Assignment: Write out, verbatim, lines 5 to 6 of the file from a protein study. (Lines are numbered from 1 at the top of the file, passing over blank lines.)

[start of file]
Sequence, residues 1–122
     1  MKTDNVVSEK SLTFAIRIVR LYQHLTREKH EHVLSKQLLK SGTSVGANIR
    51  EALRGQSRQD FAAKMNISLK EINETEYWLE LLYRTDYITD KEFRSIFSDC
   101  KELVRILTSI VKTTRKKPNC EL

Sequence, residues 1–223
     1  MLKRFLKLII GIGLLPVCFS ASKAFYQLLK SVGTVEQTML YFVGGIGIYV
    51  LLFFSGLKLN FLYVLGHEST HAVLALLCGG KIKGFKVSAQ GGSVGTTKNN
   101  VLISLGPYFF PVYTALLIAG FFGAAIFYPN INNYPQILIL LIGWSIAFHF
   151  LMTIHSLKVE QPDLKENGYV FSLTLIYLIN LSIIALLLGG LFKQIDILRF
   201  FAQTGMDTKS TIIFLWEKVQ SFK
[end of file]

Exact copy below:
Sequence, residues 1–223
     1  MLKRFLKLII GIGLLPVCFS ASKAFYQLLK SVGTVEQTML YFVGGIGIYV